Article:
article ul, article ol { padding-left: 0; }
article ol { padding-left: 1rem; }
article ul { list-style-type: none;  }
article button {
position: absolute;
bottom: 0; right: 1rem;
padding: .5rem;
}

(I’m using for convenience, but there are plenty of alternative ways to place the recipes side-by-side).

Creating Print Buttons

The buttons are inserted at the bottom of each article:

<button>Print recipe</button>
</article>

It’s possible to make the each button a simple print action at this stage:

<button onclick="window.print()">Print recipe</button>

Written that way, the buttons will print out the entire page, but our goal is more ambitious that this. Because I want to keep the code as clean as possible, I’ll do all of the work in JavaScript at the end of the document, rather than inline for each element.

Allowing For Printing Choices

A visitor will probably want to print out a single recipe for the sake of convenience. In this case, I assume that the site owner wants page components such as <header> elements and comments to print out when the user clicks Print, but no other articles aside from the one associated with the button. As a start, I’ll add the following to the end of the document:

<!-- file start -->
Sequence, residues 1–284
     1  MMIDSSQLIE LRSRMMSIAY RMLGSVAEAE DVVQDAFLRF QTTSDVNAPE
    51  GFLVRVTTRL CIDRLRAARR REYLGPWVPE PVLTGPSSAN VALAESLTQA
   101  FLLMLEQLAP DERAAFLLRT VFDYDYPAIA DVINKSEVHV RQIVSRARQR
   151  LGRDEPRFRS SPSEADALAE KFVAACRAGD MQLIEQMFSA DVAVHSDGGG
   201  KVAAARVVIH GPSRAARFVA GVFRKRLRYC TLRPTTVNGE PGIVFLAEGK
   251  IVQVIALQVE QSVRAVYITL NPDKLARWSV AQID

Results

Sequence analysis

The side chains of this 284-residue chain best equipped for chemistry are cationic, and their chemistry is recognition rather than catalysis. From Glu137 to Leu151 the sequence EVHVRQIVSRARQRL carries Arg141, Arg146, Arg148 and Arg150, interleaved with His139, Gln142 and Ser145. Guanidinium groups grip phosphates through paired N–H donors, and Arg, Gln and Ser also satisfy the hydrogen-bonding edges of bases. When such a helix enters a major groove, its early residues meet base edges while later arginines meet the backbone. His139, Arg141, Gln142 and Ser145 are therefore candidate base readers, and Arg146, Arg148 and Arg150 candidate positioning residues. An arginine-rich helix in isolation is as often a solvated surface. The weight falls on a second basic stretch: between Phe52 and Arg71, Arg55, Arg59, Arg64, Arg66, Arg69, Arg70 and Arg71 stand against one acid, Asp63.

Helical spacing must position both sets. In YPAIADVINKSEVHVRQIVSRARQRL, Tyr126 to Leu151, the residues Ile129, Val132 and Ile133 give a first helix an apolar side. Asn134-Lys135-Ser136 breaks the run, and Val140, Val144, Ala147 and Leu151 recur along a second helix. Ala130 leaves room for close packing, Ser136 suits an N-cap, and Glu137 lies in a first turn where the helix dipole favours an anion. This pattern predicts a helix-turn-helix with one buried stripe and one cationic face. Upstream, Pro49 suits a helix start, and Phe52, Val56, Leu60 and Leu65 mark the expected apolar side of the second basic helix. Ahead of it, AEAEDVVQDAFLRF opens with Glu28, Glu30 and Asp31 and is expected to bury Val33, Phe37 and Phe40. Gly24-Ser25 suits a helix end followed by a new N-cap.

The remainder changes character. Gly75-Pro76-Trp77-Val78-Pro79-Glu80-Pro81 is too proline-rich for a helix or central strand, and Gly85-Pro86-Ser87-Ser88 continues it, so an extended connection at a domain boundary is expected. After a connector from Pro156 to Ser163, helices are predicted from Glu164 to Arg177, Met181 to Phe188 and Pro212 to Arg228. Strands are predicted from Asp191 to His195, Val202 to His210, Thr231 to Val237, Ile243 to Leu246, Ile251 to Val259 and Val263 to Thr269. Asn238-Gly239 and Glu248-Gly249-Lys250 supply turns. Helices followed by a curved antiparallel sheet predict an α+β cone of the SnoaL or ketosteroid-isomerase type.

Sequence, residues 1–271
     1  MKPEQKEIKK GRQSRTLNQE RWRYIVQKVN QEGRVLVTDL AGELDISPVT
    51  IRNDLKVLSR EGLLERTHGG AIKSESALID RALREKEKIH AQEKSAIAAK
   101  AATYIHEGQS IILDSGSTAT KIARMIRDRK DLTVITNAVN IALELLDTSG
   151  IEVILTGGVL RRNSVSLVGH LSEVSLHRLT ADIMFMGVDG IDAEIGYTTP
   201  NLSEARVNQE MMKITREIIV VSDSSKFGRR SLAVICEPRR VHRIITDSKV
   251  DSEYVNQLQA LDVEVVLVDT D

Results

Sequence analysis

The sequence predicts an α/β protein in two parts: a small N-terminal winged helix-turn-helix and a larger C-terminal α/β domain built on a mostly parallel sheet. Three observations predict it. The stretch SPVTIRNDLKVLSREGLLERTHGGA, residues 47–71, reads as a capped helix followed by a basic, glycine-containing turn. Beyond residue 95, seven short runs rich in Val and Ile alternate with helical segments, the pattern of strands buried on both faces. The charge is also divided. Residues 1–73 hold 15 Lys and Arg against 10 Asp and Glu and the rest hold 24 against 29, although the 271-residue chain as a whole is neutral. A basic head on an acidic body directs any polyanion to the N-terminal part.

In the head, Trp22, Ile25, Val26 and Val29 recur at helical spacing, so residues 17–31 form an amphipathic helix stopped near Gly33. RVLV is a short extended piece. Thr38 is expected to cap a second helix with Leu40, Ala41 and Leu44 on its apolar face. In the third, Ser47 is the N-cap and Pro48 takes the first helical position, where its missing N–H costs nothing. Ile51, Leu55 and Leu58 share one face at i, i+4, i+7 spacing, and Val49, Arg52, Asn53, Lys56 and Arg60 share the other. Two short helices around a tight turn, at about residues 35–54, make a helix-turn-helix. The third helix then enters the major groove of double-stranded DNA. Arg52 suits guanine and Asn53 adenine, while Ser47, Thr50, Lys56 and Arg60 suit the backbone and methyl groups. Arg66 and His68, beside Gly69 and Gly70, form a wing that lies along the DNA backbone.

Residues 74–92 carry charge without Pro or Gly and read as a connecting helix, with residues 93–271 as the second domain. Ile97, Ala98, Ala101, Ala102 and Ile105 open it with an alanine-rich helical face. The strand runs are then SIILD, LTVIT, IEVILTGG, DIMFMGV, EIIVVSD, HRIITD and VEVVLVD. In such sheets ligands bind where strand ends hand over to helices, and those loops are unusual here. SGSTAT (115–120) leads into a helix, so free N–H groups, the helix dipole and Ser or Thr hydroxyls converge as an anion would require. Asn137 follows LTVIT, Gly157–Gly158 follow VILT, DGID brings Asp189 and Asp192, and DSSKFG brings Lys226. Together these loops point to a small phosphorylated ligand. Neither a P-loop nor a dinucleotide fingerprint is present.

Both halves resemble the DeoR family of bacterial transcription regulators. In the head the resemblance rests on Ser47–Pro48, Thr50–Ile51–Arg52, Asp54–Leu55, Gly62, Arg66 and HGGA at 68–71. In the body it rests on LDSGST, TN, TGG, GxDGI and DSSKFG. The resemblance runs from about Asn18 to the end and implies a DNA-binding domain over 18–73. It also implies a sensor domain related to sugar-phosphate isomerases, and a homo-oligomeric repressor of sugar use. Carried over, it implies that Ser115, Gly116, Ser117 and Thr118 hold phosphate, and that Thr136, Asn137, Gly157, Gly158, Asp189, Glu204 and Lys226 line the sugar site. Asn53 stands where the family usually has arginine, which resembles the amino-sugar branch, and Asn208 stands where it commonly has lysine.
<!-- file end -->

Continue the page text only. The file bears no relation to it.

<script>
function printSection() {
var parentArticle = this.parentNode,
articles = document.getElementsByTagName("article");
for (var i = 0; i < articles.length; i++) {
if (articles[i] !== parentArticle) articles[i].style.display = "none";
}
window.print();
}
var printRequestors = document.querySelectorAll("article button:last-of-type");
for (var i = 0; i < printRequestors.length; i++) {
printRequestors[i].addEventListener("click", printSection, false);
}
</script>

Very simply, the script attaches a click event to the last button in each article (we’re assuming that’s the Print button, although we could also identify the buttons with a class to be on the safe side). When a button is clicked, it calls the printSection function, which:

  • Determines the parent article of that particular button.
  • Turns off the display of all other articles.
  • Prints the resulting page.

This works, but it leaves the browser window looking like the page that has just printed, i.e. with the other recipes removed. In reality, we want the display: none rule to affect articles only during print, not on the screen. Also, we don’t want the Print button itself to be visible on the printed page.